The Rise of the Underdogs: New Hampshire voters are historically independent in their thinking. Although front-runners get lots of attention, Granite Staters are also receptive to learning more about the underdogs—the people who enter the race without a lot of money or backing by party leaders. The voters’ willingness to support candidates other than the front-runners makes the New Hampshire primary unique and sometimes rather volatile. Voters have a chance to make a real assessment of political promise because, in the first primary, the field of candidates is wide open. It has also led to some big upsets over the years. The first was in 1952, when President Harry Truman decided not to run for re-election after he lost the New Hampshire primary. President Lyndon B. Johnson came to the same conclusion in 1968; he won the New Hampshire primary but by such a narrow margin that he decided he lacked the support to win the general election. At other times, the New Hampshire primary has helped put underdogs on the political map, such as when Bill Clinton, a little-known governor from Arkansas, captured a second-place finish in New Hampshire. In his “victory” speech on election night, he credited New Hampshire voters with making him the “comeback kid.” Other notable underdogs included Pat Buchanan in 1996, John McCain in 2000, and John Kasich in 2016. After campaigning hard in New Hampshire, and doing substantially better than expected in the New Hampshire primary, all three made credible, if ultimately unsuccessful, runs for their party’s nomination. Underdogs can connect with New Hampshire voters, while several front-runners, including Truman and Johnson, have found that neglecting the Granite State can be costly.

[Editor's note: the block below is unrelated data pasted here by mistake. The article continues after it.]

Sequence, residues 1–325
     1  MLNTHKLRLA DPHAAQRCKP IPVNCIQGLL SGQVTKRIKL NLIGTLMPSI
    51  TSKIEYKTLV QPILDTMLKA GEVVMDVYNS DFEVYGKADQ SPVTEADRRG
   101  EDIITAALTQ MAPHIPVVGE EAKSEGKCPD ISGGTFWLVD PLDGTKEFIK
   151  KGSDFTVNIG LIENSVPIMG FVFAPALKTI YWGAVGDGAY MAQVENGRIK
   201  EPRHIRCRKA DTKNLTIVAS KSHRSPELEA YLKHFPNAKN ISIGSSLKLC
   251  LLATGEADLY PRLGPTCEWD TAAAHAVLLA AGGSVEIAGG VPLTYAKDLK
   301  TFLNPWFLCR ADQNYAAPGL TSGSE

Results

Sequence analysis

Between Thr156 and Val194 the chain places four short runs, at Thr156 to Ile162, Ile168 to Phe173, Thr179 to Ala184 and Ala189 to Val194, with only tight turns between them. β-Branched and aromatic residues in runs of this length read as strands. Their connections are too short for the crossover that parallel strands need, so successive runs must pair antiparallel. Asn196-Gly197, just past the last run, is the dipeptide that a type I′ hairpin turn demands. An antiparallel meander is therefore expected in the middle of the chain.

Civic-Minded Voters: The people of New Hampshire take their civic responsibilities seriously, making great efforts to learn about the issues and candidates. In fact, Granite Staters have a reputation nationally for their civic-mindedness. Participation at traditional town hall meetings, when candidates come and answer voters’ questions directly, is generally high, depending on the candidate. For some voters, it has become a tradition to attend at least one town hall event for each candidate to listen to what potential presidents have to say on a wide variety of topics. Sometimes, voters will even debate with candidates. Several formal debates are held in New Hampshire during primary season as well, which gives voters additional opportunities to learn about the candidates. The media also plays a role in helping candidates get acquainted with the people, and vice versa, although Granite Staters show a decided preference for the coverage provided by New Hampshire journalists over journalists from elsewhere.